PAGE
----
Foster v. Xerox Corp., 707 P.2d 858 (Cal. 1985); see also Johns-Manville Prod. Corp. v. Superior Court, 612 P.2d 948 (Cal. 1980) (pre-dating the enactment of Cal Lab. Code § 3602) (“[I]f the complaint alleged only that plaintiff contracted the disease because defendant knew and concealed from him that his health was endangered by asbestos in the work environment, failed to supply adequate protective devices to avoid disease, and violated governmental regulations relating to dust levels at the plant, plaintiff’s only remedy would be to prosecute his claim under the workers’ compensation law.”).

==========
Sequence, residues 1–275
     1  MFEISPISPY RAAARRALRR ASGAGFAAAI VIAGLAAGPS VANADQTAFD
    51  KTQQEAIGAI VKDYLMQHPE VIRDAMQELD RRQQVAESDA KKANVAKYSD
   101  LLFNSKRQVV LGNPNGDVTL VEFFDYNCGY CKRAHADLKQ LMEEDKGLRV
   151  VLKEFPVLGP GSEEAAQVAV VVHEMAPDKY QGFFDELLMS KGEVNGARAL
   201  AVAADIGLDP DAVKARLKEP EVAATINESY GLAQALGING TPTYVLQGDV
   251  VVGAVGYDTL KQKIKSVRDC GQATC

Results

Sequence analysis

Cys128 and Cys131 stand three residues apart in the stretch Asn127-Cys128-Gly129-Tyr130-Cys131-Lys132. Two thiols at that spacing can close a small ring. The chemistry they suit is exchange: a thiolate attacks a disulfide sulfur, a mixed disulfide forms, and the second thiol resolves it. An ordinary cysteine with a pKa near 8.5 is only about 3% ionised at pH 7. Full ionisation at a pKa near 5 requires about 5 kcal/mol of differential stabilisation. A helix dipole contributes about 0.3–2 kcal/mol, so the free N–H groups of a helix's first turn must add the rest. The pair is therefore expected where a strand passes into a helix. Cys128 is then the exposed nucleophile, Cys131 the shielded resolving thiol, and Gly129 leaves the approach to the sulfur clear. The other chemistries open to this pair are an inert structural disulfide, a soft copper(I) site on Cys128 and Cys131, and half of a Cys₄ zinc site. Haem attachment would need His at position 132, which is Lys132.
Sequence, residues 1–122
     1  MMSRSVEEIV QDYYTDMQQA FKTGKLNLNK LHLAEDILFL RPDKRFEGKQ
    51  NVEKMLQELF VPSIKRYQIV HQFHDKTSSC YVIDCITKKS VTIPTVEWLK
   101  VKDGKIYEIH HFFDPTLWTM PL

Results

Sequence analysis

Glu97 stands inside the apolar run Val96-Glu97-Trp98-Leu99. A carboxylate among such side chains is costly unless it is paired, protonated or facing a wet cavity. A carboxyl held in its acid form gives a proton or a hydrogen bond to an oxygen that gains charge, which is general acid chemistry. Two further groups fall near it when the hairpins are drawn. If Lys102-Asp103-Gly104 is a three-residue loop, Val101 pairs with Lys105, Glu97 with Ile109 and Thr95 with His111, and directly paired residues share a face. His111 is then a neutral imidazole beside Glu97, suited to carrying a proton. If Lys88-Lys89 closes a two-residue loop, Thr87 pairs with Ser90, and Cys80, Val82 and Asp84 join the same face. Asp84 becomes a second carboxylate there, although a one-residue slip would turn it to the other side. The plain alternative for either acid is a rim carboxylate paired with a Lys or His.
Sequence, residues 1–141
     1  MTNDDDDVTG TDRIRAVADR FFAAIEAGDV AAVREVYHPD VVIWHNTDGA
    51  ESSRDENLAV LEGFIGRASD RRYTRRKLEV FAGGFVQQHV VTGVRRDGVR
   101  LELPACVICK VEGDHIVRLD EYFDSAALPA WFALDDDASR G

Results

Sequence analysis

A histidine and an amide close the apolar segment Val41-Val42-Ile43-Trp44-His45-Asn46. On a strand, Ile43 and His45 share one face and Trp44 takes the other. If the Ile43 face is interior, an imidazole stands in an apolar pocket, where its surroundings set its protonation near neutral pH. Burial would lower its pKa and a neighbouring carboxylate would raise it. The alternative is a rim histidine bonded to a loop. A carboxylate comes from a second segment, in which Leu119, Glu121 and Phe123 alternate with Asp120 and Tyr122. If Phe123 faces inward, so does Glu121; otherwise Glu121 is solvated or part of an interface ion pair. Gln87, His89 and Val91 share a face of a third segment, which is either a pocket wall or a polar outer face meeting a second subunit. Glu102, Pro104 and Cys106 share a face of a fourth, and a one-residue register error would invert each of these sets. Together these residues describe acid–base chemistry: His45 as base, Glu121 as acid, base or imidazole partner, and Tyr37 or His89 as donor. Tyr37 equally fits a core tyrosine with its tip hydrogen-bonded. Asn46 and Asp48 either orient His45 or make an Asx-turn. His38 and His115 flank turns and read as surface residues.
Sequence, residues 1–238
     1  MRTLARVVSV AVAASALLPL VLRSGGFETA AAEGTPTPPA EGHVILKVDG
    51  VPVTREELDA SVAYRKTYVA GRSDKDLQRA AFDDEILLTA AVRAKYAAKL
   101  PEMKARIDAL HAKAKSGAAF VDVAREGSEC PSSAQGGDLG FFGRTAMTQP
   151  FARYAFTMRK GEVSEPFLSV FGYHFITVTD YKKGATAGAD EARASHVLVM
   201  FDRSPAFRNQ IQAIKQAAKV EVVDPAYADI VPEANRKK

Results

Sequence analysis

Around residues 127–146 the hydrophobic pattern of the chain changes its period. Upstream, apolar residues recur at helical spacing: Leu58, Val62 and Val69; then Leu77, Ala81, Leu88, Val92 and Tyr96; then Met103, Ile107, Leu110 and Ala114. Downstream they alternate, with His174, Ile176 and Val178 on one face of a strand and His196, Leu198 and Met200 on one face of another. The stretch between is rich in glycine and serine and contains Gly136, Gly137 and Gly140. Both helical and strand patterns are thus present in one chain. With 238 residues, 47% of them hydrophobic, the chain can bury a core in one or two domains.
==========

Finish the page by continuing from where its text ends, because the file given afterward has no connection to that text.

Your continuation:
See, e.g., Rubeis v. Aqua Club Inc., 821 N.E.2d 530 (N.Y. 2004) (allowing impleaded third-party complaints and awards against employers upon determining that plaintiffs had suffered from grave injuries).
 See, e.g., DiVetri v. ABM Janitorial Serv., Inc., 990 N.Y.S.2d 496, 496 (1st Dep’t 2014) (finding that owner of office building and the janitorial company contracted by the office building could be liable for the dangerous condition in the lobby that caused the plaintiff to slip and injure herself); Pintor v. 122 Water Realty, LLC, 933 N.Y.S.2d 679, 679 (1st Dep’t 2011).